McFarlane’s novel is engaging not just with a tradition of lost child stories, but also with the critical discourse around them and she lays waste to the tropes of white innocence on which these stories depend. In a sense, there are two novels here. First, an agile comedy of manners, in which the omniscient narrator slips coyly between characters, exposing the hypocrisies and sustaining fictions of settler heroism. (McFarlane has a keen eye for the minutiae of social hierarchies; consider the ‘excruciating grace’ with which proud German settler Wilhelmina Baumann receives Joanna, the matriarch of the first pioneering family, on the verandah of her homestead, consoling herself that she was the first in town to have wooden floors.) Beneath the clamor, these petty feuds of provenance, are the untold and yet implicit stories of the Indigenous people – maids working for rations, trackers whose wages have gone unpaid – that these settlers have dispossessed.

Though the core of McFarlane’s novel proceeds in third-person narration, it is interspersed with extracts from voices typically excluded from the canon, although these passages play with presumptions of authenticity. In ‘Tales of the Yadliawarda and Irish housemaids’ (framed as first-person statements made to a ‘scientific gentleman’ who wants a ‘story for their book’), the Irish housemaid recounts an ostensibly Indigenous story about ‘lost little ones’ (McFarlane pointedly has her confused about the details); Billy’s sister Arranyinha offers a tale of the Pied Piper that she heard from Joanna Axam, her white employer. It’s a clever conceit that enables McFarlane to allude to Arranyinha’s own stolen children, without these stories being assimilated to the emotional grain of her novel. But McFarlane makes a contentious exception within the narrative proper, writing the character of Billy Rough in a close third-person that grants access to his interiority.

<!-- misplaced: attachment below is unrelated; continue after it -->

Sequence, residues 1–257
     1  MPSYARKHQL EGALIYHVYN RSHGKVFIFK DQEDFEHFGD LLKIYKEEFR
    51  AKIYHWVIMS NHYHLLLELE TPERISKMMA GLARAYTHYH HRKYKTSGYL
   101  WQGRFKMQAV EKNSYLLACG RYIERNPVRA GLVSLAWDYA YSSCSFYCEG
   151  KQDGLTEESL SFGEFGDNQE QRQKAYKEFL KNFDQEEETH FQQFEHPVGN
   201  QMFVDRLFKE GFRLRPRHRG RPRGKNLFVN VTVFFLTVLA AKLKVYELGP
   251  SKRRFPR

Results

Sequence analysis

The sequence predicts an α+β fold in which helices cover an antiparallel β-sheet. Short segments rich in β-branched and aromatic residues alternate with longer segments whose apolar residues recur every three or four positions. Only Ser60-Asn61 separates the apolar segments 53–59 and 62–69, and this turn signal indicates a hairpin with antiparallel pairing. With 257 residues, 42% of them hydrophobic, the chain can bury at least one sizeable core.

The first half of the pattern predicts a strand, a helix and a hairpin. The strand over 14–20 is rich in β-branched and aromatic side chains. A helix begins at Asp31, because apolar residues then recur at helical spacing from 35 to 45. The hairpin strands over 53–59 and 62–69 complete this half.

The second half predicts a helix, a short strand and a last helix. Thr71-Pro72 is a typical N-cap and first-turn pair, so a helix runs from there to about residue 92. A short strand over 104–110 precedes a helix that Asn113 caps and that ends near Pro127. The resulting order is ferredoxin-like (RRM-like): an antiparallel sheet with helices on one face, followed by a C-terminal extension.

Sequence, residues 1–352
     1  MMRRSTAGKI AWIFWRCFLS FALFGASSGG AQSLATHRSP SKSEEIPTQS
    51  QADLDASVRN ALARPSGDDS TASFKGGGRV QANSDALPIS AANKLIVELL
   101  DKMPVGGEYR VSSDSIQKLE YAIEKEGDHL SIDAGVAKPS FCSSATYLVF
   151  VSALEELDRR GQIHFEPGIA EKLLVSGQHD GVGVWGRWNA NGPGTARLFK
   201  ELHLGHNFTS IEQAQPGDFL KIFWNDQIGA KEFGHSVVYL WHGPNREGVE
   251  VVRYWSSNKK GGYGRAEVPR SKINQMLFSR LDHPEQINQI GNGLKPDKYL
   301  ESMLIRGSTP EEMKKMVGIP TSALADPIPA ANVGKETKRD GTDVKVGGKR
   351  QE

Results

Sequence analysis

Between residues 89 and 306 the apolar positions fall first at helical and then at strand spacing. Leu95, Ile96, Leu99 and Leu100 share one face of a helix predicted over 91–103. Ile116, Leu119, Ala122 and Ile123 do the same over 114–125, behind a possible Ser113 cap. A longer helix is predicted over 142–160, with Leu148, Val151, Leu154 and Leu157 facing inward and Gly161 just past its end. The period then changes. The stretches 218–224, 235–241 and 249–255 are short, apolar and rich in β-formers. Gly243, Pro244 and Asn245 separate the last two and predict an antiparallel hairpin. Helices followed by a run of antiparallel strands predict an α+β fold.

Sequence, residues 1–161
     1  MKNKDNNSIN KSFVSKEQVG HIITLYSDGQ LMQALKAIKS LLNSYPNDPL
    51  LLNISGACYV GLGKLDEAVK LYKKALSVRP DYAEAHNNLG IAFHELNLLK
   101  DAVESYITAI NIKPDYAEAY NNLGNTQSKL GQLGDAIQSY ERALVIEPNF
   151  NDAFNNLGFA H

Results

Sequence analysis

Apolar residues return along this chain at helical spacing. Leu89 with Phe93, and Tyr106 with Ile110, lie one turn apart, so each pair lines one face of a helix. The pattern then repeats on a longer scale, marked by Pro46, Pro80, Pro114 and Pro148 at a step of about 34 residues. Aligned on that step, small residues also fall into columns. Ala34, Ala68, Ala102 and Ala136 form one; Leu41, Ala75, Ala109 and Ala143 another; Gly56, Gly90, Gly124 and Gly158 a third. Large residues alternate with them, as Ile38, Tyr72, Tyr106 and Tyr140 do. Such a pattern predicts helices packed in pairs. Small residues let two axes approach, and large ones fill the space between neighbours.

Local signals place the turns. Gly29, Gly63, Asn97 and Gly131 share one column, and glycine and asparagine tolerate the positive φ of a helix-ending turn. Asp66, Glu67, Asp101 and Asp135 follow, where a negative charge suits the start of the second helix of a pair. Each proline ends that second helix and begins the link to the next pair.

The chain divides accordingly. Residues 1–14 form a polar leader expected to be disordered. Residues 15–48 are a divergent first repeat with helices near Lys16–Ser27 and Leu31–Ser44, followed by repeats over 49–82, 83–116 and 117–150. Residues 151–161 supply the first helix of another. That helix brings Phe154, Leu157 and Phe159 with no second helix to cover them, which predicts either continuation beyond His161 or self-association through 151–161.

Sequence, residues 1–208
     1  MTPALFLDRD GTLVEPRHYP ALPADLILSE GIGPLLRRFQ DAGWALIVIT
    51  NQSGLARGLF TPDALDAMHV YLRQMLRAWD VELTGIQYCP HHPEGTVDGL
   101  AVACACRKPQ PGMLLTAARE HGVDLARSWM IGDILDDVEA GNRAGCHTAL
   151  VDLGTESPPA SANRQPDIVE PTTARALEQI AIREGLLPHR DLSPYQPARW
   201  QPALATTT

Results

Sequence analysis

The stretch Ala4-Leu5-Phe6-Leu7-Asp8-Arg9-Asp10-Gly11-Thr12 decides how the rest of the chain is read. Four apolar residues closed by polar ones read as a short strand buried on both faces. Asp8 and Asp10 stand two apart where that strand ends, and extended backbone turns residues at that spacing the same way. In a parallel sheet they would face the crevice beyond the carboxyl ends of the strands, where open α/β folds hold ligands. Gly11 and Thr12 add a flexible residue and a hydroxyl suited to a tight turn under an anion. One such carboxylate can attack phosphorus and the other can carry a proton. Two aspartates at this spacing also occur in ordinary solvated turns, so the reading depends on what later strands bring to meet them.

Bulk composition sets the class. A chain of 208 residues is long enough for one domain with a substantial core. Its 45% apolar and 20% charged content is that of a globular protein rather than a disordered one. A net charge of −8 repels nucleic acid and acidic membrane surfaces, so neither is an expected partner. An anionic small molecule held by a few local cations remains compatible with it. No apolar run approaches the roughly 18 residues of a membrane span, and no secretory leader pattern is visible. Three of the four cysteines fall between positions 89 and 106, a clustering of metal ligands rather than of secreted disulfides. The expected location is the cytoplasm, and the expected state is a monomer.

In interviews, McFarlane has expressed that she made a choice to inhabit only the perspective of an Indigenous character who is not participating in his traditional culture. Though Billy perceives the land as ‘dense with motion’, his perspective betrays the cost of his estrangement; if it weren’t for Henry, he would ‘speak to dust-storms’. Refusing to track Denny into country he is not permitted to go, Billy, rather than passively weathering Mathew’s violent rage, makes a firm, unequivocal assertion of a boundary. While McFarlane has taken evident care to avoid, and also to self-reflexively thematise, trespass on areas of traditional, and thus potentially sacred, knowledge, I think we need to be wary of any implication that an Indigenous subjectivity which is more entangled in settler culture might be more confidently approached by a white writer – a notion that risks echoing the very logic of assimilation that McFarlane is seeking to critique.

Though her self-imposed limit on characterisation indicates an appropriate epistemic humility, we need to keep in our sights the fact that some of the most profound differences between settler and Indigenous experience may be structural rather than narrowly ‘cultural’. Advising non-Indigenous writers to avoid representing Indigenous characters, Melissa Lucashenko has cited the relationship between slave and plantation owner to get at the dynamic of colonialism: the slave necessarily knows far more of the plantation owner than the plantation owner will ever bother to know of him. McFarlane ultimately takes the tack of portraying this very dynamic. Though Billy is not ‘the best tracker in the district’, he has spent years studying the whims of white men, navigating their insecurities and anticipating their petty, potentially lethal flares of resentment. In one scene he painstakingly nurses Sergeant Foster’s ego through a cricket lesson, but it is the perspective Billy provides on men who imagine they are more ‘equitable’ that feels fresh. As Billy wryly notes, ‘Mathew rarely refers to his blackness. He seems generally to operate on the principle that the less he acknowledges it, the more likely it is to go away.’

McFarlane knows her representation of Billy could never be that impossible and loaded thing: ‘authentic’. Working to undermine that very idea, her novel is full of predatory white artists seeking to appropriate Indigenous experience, and includes a pointedly condescending letter to the editor that presumes to speak on a tracker’s behalf. But as a character, Billy works convincingly within the narrative as a man whose sense of agency fluctuates as he negotiates between settler and Indigenous worlds.